It’s 9:30 p.m. Journalism adviser Mitch Eden is on Facebook looking at the yearbook staff’s recent photo uploads. He gets a message from the photographer. How can she get the perfect shot? Because of Facebook, Eden is able to offer instant advice to the photographer. The next day she captures a stunning frame.
With efforts to roll back Hazelwood School District v. Kuhlmeier stalled in several states, student press advocates are searching for new strategies. The Report looks back at lessons learned from the past 35 years of Hazelwood.
A visit to the dining hall is a daily part of the college experience for most freshmen. Parents buy a meal plan at the start of each term with the idea that it’s a down payment on food for their eager young scholar. But what new students and their parents may not realize is that much of that money often goes unspent – and in many cases, there are no refunds.
Mike Hiestand is leaving the Student Press Law Center this summer after more than 20 years answering calls for help from student journalists and advisers. He’ll still be helping people tell stories, but he’ll have the chance to take off his attorney hat for a while.
Within limits, students in public schools have a First Amendment right to wear expressive clothing, jewelry and haircuts, and some have successfully sued their schools when forced to change their appearance. But there are no published court rulings addressing whether that right extends to a student’s choice of apparel for a yearbook portrait. And the issue is complicated by the fact that other students’ First Amendment rights – the editors’ – can override the individual students’ stylistic choices.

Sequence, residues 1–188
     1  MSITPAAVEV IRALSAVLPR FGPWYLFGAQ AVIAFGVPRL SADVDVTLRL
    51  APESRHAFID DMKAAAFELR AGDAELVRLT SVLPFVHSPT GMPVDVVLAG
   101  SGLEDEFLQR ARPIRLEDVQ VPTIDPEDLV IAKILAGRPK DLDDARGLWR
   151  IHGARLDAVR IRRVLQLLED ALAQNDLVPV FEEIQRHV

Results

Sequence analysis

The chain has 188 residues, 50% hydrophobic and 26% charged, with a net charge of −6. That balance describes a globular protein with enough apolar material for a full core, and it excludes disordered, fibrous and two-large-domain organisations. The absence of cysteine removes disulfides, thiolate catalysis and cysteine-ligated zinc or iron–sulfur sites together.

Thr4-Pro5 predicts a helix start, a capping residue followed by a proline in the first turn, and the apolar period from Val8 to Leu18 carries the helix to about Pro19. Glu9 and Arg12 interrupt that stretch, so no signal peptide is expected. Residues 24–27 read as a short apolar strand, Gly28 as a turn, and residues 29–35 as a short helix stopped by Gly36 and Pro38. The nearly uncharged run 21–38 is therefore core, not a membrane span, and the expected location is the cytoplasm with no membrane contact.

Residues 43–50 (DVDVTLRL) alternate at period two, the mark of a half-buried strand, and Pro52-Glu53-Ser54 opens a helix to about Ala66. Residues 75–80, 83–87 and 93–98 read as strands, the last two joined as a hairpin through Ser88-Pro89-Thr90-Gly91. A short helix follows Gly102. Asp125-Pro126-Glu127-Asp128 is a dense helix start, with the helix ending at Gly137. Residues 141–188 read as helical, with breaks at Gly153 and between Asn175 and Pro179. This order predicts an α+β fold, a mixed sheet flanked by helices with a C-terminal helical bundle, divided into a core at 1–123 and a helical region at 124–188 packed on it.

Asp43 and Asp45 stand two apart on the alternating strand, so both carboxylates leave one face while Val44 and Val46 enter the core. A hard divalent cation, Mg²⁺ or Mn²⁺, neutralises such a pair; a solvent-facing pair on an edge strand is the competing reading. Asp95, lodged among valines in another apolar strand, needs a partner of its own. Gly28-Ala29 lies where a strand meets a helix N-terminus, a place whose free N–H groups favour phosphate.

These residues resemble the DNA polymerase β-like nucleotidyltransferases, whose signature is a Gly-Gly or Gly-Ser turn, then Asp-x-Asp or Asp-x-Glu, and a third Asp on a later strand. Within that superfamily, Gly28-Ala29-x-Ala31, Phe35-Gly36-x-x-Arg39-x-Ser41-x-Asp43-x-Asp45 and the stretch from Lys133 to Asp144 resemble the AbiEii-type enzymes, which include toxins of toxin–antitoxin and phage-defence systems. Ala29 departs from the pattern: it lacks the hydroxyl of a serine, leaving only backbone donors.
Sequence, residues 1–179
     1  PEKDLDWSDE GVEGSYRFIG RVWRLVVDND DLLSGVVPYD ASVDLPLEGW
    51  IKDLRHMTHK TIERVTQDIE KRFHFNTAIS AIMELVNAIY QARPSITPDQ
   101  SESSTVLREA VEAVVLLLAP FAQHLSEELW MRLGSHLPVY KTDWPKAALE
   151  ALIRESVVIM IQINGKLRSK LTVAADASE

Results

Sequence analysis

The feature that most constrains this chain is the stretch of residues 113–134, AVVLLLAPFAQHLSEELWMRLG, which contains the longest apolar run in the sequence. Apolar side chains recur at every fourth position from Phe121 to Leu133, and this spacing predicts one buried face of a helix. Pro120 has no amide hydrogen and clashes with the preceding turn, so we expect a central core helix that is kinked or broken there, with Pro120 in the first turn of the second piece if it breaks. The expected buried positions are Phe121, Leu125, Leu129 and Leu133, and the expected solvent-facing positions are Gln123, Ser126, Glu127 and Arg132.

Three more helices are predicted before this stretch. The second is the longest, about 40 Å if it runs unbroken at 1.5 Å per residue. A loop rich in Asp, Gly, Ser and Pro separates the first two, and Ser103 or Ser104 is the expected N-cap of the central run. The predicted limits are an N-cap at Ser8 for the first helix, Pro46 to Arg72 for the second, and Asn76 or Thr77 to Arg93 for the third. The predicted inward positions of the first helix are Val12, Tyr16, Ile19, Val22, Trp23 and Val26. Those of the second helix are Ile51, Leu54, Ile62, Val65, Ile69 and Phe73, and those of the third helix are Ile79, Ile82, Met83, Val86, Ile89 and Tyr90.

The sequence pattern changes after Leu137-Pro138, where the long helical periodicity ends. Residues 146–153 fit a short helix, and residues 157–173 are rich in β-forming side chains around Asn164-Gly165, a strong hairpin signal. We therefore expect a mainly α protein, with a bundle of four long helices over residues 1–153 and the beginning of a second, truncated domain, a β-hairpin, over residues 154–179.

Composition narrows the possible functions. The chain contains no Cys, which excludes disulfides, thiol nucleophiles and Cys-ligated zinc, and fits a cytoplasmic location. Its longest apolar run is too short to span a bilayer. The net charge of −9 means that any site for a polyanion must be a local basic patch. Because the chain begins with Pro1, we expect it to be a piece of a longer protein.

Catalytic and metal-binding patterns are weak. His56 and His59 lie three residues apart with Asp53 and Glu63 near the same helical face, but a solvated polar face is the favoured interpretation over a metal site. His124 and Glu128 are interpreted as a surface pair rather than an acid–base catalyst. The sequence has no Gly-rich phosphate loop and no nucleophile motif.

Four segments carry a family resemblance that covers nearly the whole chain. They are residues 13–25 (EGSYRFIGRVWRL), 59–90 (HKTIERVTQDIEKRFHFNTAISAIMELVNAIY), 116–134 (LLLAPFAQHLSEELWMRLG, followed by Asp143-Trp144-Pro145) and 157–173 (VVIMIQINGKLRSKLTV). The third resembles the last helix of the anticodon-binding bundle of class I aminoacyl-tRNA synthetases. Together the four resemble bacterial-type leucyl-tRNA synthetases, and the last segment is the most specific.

Private universities across the country are cracking down on their student media advertising policies — a practice that would likely be considered unconstitutional at a public university. Targets are many, from alcohol to off-campus housing, but perhaps most damaging to newspaper revenues is the bar on ads for degree programs at competing schools.
Schools like MIT do have student newspapers, even though most students who attend those schools are hardly there to study journalism. And these “nontraditional” journalists face the same hurdles as those at major J-schools, even if they don’t all dream of reporting jobs after college.
A bill that would have given school officials greater authority to control student’s Internet posts in Indiana is on hold, at least until next year.
According to the Federal Trade Commission, if you received anything of value in exchange for writing a review, you have to tell your readers about it. And while lots of journalists may understand that, they may not understand that the FTC thinks your personal tweets, Facebook status updates, and blog posts are “testimonials.” Let’s take a look at the FTC’s rules, what they mean, and how to follow them.
Colleges spend billions annually contracting with private vendors to supply everything from staplers to stadiums. At times, colleges have been caught steering their purchases to politically connected vendors, or those with ties to campus insiders, instead of going after the best quality and price. And at times, colleges have failed to do their homework on vendors that turned out to be unsavory. That’s where you – and public records – come in.